Archive

November 13th, 2015

The hidden and deadly bias of class

    White working-class voters have been a key building block of the Republican coalition since the rise of the Reagan Democrats 35 years ago. You would think that the party's presidential candidates would want to respond to the heartbreaking crisis these Americans are facing.

    Two Princeton economists, Angus Deaton and Anne Case, issued a study last week that should push what the writers Richard Sennett and Jonathan Cobb called the "hidden injuries of class" to the center of our political conversation. Deaton and Case found that the death rates for whites 45 to 54 who never attended college increased by 134 deaths per 100,000 people between 1999 and 2014. They unearthed a startling rise in suicides as well as diseases related to alcohol and drugs.

    Injustices relating to race remain a deep stain on our nation.

    Middle-aged African-Americans overall still have a higher death rate (581 per 100,000) than whites (415), although the Hispanic death rate at middle age (262) is far lower.

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Stop-and-seize turns police into self-funding gangs

    In his book "Why the West Rules -- for Now," historian Ian Morris draws a distinction between two ways of running a country, calling them "high-end" and "low-end" strategies. High-end states have efficient, centralized bureaucracies and a credible legal apparatus. Low-end states rely on local authorities to do things like collecting taxes and providing security.

    High-end states are better at creating rich, powerful, technologically advanced civilizations but are more expensive, Morris writes: When resources are strained, countries sometimes revert to the cheaper, low-end solutions. Often, transitions from high-end to low-end strategies follow wars, famines and other disasters that reduce the state's ability to finance its activities directly.

    Modern rich nations, with their extensive court systems, bureaucracies, militaries and infrastructure, look distinctly high-end compared with the feudal lands of past centuries. But I see troubling signs of a U.S. shift toward low-end institutions.

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Republicans slam Wall Street but won't regulate it

    It came through loud and clear in Tuesday's presidential debate: Republicans don't like Wall Street. They don't like its behavior before the 2008 financial meltdown. They don't like the bailouts that followed. And they don't like the financial power the biggest banks still wield.

    Here's the snag: Their contempt for Wall Street is exceeded only by their contempt for regulating Wall Street. That means, with one notable exception, they offer no realistic solutions to the problems they identify, especially the risks of too-big-to- fail institutions. In some cases, the solutions they offer would reverse five years of progress toward the very thing they claim to want, a sturdier financial system.

    The reasons lie in ideology and practical politics. On the ideological side, Republicans are opposed to big government and skeptical of regulation. That makes them hostile to the 2010 Dodd-Frank law, which gave federal agencies more authority to monitor risk within financial companies and reduce the likelihood of future bailouts by, for example, requiring banks to borrow less and hold more equity capital.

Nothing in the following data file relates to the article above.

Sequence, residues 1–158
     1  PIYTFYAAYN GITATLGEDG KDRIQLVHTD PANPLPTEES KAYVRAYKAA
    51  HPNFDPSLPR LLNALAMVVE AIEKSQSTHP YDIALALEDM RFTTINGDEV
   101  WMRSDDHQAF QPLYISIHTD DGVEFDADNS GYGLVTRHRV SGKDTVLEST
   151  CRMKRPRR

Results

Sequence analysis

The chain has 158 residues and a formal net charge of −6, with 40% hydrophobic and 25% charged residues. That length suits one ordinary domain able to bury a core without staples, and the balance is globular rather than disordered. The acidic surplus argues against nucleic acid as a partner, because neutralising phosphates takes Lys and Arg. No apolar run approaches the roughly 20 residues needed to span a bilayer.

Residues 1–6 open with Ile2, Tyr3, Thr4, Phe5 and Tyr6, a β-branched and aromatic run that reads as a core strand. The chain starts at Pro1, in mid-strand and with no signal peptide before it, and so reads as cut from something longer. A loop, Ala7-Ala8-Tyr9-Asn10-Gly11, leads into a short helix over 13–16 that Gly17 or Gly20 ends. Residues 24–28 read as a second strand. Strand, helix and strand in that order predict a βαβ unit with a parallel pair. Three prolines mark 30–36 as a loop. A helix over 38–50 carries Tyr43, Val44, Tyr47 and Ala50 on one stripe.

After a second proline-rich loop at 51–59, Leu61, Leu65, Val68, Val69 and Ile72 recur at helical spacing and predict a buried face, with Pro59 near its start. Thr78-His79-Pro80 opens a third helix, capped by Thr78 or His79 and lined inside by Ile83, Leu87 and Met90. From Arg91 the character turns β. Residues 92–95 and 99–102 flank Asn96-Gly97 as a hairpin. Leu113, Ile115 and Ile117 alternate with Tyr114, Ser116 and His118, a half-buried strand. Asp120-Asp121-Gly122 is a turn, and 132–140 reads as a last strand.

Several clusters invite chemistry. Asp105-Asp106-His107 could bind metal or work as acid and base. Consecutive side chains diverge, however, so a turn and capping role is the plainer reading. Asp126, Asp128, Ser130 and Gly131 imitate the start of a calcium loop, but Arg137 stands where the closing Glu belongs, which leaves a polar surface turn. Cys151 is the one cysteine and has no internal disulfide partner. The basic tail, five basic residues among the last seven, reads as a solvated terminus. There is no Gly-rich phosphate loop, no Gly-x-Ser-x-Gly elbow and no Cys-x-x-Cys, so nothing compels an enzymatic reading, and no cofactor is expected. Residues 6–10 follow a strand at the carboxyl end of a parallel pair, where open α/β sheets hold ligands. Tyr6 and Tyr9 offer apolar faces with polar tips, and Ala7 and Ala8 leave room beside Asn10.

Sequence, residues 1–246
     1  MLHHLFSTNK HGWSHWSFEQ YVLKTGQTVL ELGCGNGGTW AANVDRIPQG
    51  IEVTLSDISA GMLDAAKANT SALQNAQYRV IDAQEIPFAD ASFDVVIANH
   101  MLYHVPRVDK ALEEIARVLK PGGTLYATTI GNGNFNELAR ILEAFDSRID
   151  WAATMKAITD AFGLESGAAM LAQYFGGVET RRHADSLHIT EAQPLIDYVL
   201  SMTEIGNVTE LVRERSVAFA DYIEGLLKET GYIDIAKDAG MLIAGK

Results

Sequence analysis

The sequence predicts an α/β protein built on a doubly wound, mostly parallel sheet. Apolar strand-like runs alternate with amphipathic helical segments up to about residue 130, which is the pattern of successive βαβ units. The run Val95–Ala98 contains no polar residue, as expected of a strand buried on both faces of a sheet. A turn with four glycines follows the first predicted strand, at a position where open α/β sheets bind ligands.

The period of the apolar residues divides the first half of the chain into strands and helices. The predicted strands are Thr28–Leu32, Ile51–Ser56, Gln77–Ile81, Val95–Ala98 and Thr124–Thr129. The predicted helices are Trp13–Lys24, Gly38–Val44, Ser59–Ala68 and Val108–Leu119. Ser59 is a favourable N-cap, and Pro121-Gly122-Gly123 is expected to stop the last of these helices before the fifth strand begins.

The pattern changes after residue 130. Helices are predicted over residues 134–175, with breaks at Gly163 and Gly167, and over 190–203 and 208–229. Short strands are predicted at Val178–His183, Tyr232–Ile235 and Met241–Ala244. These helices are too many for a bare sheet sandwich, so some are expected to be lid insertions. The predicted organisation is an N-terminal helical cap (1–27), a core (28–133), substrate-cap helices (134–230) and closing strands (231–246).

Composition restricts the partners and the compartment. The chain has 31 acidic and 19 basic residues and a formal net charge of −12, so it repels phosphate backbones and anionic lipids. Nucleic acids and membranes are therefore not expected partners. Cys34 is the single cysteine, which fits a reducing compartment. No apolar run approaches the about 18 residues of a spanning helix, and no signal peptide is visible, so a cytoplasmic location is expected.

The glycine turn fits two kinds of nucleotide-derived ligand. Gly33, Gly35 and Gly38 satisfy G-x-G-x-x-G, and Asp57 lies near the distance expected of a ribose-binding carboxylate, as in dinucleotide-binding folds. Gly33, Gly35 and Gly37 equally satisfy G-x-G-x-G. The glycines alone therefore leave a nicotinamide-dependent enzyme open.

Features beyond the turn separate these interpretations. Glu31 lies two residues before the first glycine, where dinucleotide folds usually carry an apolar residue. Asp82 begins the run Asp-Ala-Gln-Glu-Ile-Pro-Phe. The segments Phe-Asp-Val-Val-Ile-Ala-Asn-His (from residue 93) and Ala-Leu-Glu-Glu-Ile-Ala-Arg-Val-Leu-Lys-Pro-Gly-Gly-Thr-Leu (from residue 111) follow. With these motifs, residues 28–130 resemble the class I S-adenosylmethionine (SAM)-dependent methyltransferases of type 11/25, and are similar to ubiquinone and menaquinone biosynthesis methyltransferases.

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Must Boomers Take the Rap?

    In the course of human events, many things need fixing. One of them is the cost of Medicare, climbing rapidly as baby boomers enroll in large numbers.

    We can argue over how to contain this major federal expense, and we should. But assigning blame for the problem on anyone born between 1946 and 1964 seems an absurd way to go about it.

    Foes of Medicare and Social Security have long tried to corral resentment against baby boomers to weaken public support for these programs. Some supporters on the left do likewise in an effort to move more resources toward programs serving the young and the poor.

    Boomer-bashing may be entertaining, but it's not smart analysis. It's become the fashion nevertheless.

    Boomers should "repent," Washington Post writer Jim Tankersley declares with no hint of humor.

    He charges, "Boomers soaked up a lot of economic opportunity without bothering to preserve much for the generations to come."

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Microsoft's creative solution to data privacy

    Not long ago, Microsoft was widely seen as the archetypal evil corporate empire: A brutish monopoly, bereft of new ideas and embodying all that went wrong with first-generation tech titans. Under Chief Executive Satya Nadella, however, its creativity has been revived and its contribution to Europe's fight against U.S. Internet surveillance is evidence of that.

    Last month, the European Court of Justice ruled that the U.S. could no longer be viewed as a "safe harbor" for European Internet users' data because it made the data available to its intelligence services. The ruling was rooted in National Security Agency whistle-blower Edward Snowden's revelations of a program called Prism, which enabled the agency to peruse the private messages and other data sent by the customers of top U.S. Internet firms. According to Snowden's documents, Microsoft was the first to sign up for Prism, preceding the likes of Apple, Google and Facebook.